Staff Ride to the Bar Harbor Fire
On Friday, October 17, 1947, at 4 p.m., the Bar Harbor, Maine, Fire Department received a call from a Mrs. Gilbert. She reported smoke rising from a cranberry bog between her home and Acadia National Park. No one knows what started the fire. It could have been cranberry pickers smoking cigarettes in the bog or a trash fire at the dump. Whatever the cause, once ignited, the fire smoldered underground. From this quiet beginning arose an inferno that burned nearly half of the eastern side of Mount Desert Island and made international news.
In its first three days, the fire burned a relatively small area, blackening only 169 acres. But on October 21, strong winds fanned the flames. The blaze spread rapidly and raged out of control, engulfing over 2,000 acres. Personnel from the Army, Air Force, Navy, Coast Guard, University of Maine forestry program, and Bangor Theological Seminary joined local firefighting crews. National Park Service employees flew in from parks throughout the eastern United States.
Evacuation of the residents quickly became an issue. At one point all roads from the town were blocked by flames, and local fishermen prepared to help with a mass exodus by boat as gale-force winds fanned the inferno. Finally, bulldozers opened a pathway through the flames and smoldering remains of homes, and a caravan of 700 cars and 2,000 people made it to safety.
In all, about 17,188 acres burned, about half of which were in Acadia National Park. Property damage exceeded $23 million in 1947 dollars. Statewide in 1947, more than 200,000 acres, 851 permanent homes, and 397 seasonal cottages were destroyed in "the year Maine burned."
The fire on Mount Desert Island was publicized in newspaper headlines around the world because the island was a renowned summer retreat for the wealthy. Additionally, the fires of 1947 eventually led to the formation of many cooperative firefighting agreements and the establishment of the first forest fire protection compact, the Northeastern Forest Fire Protection Compact.
The Bar Harbor Fire of 1947 staff ride resource is a product of the NWCG Leadership Committee. Project team members were:
- Karen Anderson - National Park Service, Acadia National Park
- Jim Cook - U.S. Forest Service, National Interagency Fire Center
- Sue Curd - Bureau of Land Management, National Wildfire Coordinating Group
- Jeff Currier - Maine Forest Service, Downeast District
- Chad Fisher - National Park Service, National Interagency Fire Center
- Rick Henion - Maine Forest Service, Downeast District
- Doug Jones - National Park Service, Acadia National Park
- Bob Kambitsch - Bureau of Land Management, National Interagency Fire Center
- Rick Lancaster - National Park Service, Acadia National Park
- Fred Olson - National Park Service, Acadia National Park
- Scott "Dusty" Warner - National Park Service, Acadia National Park
- Nina Walker - Bureau of Land Management, National Wildfire Coordinating Group
Google Earth fly-around animation of the Bar Harbor area.
October Fury 1947, Maine's Forest Fire Disasters, A Look Back At the Infamous Fires 50 Years Later was developed in 1997.
Documents and Publications
*These documents are historical and are not currently accessible; please contact NWCG if you need assistance having the documents read.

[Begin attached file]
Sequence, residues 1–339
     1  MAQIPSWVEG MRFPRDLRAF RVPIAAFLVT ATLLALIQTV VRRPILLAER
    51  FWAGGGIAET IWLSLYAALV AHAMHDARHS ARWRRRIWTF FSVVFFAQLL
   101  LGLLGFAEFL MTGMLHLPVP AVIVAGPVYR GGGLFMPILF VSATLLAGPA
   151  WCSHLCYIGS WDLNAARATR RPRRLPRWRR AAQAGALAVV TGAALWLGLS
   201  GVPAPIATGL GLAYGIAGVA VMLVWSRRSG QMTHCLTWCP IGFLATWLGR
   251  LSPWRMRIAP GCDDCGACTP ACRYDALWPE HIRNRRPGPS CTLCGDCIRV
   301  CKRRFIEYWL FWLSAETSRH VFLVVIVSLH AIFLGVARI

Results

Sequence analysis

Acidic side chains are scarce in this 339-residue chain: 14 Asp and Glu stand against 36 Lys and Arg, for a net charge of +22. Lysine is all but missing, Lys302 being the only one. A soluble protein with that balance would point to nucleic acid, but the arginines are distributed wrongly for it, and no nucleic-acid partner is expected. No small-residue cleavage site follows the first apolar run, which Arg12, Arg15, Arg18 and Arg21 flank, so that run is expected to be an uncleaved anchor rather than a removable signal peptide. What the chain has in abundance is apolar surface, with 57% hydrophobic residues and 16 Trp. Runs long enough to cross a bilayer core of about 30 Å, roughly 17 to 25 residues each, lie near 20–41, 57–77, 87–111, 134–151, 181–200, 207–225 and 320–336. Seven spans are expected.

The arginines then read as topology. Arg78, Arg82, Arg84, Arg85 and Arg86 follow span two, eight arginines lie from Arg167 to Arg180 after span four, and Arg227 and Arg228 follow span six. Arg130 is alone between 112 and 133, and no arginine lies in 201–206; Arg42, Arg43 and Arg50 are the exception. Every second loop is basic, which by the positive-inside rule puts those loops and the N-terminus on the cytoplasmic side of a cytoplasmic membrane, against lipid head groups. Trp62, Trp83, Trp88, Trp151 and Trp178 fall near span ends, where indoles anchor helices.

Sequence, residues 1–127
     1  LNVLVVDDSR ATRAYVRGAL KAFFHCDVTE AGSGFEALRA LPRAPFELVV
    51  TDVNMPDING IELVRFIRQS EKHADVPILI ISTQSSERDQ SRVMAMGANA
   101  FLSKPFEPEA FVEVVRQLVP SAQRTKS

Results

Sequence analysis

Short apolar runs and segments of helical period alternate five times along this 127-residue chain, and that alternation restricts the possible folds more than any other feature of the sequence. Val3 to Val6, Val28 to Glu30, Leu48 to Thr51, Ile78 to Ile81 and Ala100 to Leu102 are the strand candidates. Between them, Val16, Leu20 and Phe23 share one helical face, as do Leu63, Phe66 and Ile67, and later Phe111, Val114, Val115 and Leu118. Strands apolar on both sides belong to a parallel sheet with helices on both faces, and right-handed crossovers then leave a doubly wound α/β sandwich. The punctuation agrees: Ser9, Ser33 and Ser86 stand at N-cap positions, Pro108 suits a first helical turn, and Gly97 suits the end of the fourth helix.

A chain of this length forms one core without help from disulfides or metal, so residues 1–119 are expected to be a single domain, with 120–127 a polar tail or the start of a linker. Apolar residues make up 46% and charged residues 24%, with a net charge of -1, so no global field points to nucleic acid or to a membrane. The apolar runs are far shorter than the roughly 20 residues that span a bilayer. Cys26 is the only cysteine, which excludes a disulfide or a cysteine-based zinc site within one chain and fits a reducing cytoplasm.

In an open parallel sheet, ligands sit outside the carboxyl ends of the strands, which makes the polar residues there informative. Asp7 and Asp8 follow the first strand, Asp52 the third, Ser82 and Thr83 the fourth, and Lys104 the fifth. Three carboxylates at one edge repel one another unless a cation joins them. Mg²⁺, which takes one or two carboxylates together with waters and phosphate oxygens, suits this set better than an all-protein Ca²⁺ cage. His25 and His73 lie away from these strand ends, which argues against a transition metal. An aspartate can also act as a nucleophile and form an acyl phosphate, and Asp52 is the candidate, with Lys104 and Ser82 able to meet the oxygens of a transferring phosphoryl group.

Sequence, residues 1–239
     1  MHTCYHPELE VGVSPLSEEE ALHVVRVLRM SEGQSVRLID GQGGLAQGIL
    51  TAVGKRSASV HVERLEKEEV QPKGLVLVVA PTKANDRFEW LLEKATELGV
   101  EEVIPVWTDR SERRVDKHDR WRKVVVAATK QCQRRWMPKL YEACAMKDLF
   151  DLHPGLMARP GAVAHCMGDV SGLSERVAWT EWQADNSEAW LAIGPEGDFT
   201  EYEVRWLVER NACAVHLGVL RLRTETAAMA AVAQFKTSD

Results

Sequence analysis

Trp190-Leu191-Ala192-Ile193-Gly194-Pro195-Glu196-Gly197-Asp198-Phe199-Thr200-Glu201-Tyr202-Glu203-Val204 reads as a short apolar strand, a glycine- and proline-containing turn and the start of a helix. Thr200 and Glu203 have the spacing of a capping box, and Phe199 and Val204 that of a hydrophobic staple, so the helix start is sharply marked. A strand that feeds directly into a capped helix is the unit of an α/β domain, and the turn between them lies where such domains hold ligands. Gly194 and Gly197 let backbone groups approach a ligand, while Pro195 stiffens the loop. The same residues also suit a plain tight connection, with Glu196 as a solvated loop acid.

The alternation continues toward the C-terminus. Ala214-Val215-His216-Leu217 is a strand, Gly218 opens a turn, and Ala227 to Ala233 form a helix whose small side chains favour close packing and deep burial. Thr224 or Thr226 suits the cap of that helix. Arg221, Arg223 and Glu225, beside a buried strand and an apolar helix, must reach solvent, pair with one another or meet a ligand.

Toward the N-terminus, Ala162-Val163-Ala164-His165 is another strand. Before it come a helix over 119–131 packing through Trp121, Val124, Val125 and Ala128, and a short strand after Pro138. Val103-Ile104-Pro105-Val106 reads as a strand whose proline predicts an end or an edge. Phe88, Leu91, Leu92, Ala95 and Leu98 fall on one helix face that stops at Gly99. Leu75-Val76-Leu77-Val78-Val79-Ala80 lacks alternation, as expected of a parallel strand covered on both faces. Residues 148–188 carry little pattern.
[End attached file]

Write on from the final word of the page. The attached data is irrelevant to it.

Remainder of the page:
- *Special edition photo documentary from Gannett Publishing in 1947
- *Report on the Mount Desert Island Fire (National Park Service 1948)
- *Report Appendices with Statistics (National Park Service 1948)
- *Preliminary Statements (National Park Service 1948)
- *Detailed Chronology (National Park Service 1948)
- *October 1947 Weather Bureau Summary for Bar Harbor
- The Year Maine Burned
- Wildfire Loose - The Week Maine Burned by Joyce Butler, Down East Books, 1979. The book chronicles wildfires all across Maine in 1947 and their impacts on Maine families.
Local Contact Information
Acadia National Park
P.O. Box 177
Bar Harbor, Maine 04609
Phone (207) 288-3338
Dolliver's Dump as it looked in 1947 and 1983. The dump is considered to be the point of origin of the fire.
The Bar Harbor Fire of 1947, sometimes referred to as the Mount Desert Island Fire, started on Friday, October 17, 1947. The Bar Harbor Fire Department received a call at 1605 reporting a fire at Dolliver's Dump on the Crooked Road. They responded with one pumper truck and four personnel. Arriving at 1618, they found a rapidly spreading one-acre fire on the edge of Fresh Meadow. A direct attack was made, and an additional 16 men arrived. Fire Chief David Sleeper called Acadia National Park for additional resources at 1645; they responded with a fire truck, a dump truck, two portable pumps, and five men. Winds at the time were southwest at 8 to 10 miles per hour. The fire was burning across the bog and into the adjoining forestland. With these additional resources, crews worked through the night, and by noon on October 18 it had been contained at about 100 acres. Mopup and active patrolling continued through the evening of October 20.
Traveling along Crooked Road toward the photo point, turn left onto Betsy's Road to park for Stand 1. The turn to Betsy's Road can be seen off to the right in the center of the photo. Stand 1 is the vista on the north side of the road.
Dolliver's Dump was on the edge of Fresh Meadow. The fire spread from the dump, across the meadow, and into the timber.
A strong northeast wind picked up early in the morning of October 21. The fire, which was still under patrol, escaped its control lines, crossing the Crooked Road at about 0745. A general alarm was sounded at 0800 for resources to fight the rapidly spreading flames. By 1000 Chief Sleeper called Dow Army Air Base requesting manpower; they were able to send 225 officers and soldiers to the efforts. By 1600 the fire had swept southeasterly, crossing the Eagle Lake Road to the shore of Eagle Lake, and was burning on the National Park lands. By the evening, when the winds abated somewhat, an additional 1,000 acres burned.
Resource reinforcement and adjustments were made and line construction efforts were progressing reasonably well on October 22 when northwest winds increased around noon. The fire again escaped control lines, crowning through an additional 800 acres before the winds switched to the southwest and the fire spread slowed.